A recent piece at The Atlantic from Kara Voght wonders why we continue to keep this schedule when it creates a crisis for parents. Voght cites a slew of statistics that paint a bleak picture. In about 50 percent of married-couple families, both parents work. Of those parents, 70 percent work 8 a.m. to 5 p.m., and 75 percent of women with kids in school work. But under half of public schools offer any aftercare program on site.
The problem is we’re still operating on a model from the 1900s. Voght explains:
The eight-hour American workday caught on in the early 1900s, after decades of pressure from labor unions urging corporations to do away with exhausting, backbreaking schedules. Yet the American school day never adapted to match parents’ schedules: On average, U.S. students are in school for six and a half hours, five days a week — with a two-month summer break and a smattering of other vacations. We owe that structure largely to 19th-century school reformers, who, seeking a standard school year nationwide, aligned the rural school calendar — which gave students the spring and fall off for harvesting and planting — with the urban one, which dismissed students during the summers so their families could escape cities’ oppressive heat. There’s been some variation over the years: During the first half of the 20th century, for example, schools experimented with summer sessions to accommodate an influx of immigrant children. But most school districts settled into today’s schedule by the 1960s, when only about a third of adult women worked and could be counted on to watch their children when the last bell rang.
Parents pay somewhere between $4,000 to $7,000 a year to cover that aftercare cost depending on the program. But even if you do have the money, that won’t buy you a slot. Many programs have limited space. A nanny works for some families, but they’re incredibly expensive. And even if you could swing paying someone to pick up your kid once a week for a few hours, good luck finding a nanny who wants that job. (They’re more likely to take the full-time gigs with guaranteed salaries, benefits and a consistent schedule — and who could blame them?)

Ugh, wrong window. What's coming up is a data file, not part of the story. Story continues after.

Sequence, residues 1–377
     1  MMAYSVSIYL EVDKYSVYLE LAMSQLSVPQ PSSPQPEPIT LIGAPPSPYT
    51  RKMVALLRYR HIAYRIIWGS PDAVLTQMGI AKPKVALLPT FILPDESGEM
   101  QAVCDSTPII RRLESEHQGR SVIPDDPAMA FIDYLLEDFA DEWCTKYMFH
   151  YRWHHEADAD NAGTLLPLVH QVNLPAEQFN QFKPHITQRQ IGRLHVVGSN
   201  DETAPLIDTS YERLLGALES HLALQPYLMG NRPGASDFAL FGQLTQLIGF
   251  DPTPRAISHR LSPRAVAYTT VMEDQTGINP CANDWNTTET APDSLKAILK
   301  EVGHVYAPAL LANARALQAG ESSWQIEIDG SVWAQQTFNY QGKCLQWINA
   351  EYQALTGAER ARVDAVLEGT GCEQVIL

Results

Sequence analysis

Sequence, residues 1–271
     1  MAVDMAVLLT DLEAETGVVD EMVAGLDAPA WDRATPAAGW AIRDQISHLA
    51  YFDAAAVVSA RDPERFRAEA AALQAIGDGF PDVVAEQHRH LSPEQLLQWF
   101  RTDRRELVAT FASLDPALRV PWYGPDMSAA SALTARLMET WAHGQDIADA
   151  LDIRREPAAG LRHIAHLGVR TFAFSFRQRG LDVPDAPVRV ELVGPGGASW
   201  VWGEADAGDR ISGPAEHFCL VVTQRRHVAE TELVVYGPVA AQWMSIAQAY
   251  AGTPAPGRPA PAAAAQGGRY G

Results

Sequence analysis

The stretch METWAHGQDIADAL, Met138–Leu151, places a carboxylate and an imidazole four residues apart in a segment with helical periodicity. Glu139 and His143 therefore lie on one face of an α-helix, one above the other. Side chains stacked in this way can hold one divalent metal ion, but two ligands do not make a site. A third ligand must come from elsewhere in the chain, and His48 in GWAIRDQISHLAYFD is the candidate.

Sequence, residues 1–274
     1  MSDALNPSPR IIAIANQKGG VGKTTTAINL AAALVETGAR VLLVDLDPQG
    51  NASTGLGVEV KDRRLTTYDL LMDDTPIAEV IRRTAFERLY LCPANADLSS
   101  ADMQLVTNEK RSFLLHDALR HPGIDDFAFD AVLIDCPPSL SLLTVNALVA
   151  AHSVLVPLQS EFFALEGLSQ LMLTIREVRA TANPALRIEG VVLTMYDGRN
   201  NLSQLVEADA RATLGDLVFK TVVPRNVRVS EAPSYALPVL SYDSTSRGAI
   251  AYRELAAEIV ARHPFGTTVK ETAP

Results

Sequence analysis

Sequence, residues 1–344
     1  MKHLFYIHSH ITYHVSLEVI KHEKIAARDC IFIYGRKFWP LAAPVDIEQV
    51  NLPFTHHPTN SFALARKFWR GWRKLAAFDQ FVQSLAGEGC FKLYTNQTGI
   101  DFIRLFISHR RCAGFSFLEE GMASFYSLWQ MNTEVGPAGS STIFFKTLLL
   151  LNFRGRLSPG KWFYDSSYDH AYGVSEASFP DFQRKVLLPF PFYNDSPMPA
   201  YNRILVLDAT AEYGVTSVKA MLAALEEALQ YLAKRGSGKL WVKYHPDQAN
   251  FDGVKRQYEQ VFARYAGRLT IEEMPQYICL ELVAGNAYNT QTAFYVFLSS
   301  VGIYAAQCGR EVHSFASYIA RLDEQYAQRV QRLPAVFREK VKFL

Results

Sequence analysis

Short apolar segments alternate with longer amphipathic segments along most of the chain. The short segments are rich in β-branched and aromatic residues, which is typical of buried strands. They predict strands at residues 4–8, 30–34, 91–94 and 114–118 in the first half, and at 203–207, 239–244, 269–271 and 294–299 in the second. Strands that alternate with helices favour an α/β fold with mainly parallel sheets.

So when families hit the painful spot in between — we don’t really have the money to cover this, or we didn’t get into the program that works for our location or needs — someone stands down or cuts back on work to cover it (typically the mother). Or a cobbled-together solution that relies on friends, family and alternating parents or older siblings, and leaves everyone stressed out and in fear of losing work or suffering in their careers.
The better answer, of course, is for us to catch up with the way work and family life has changed. The biggest obstacle to doing so thus far has been coming up with the cash to pay teachers enough to extend the day, or outsource that care to other providers. Though, that doesn’t seem impossible to overcome. One expert tells Voght that we could just finagle lunch breaks and recesses, or stagger teacher schedules to accommodate teaching throughout the day without increasing their actual work day.
But the sad truth is, so long as people are contorting to make an outdated system work, there’s no real impetus to change it.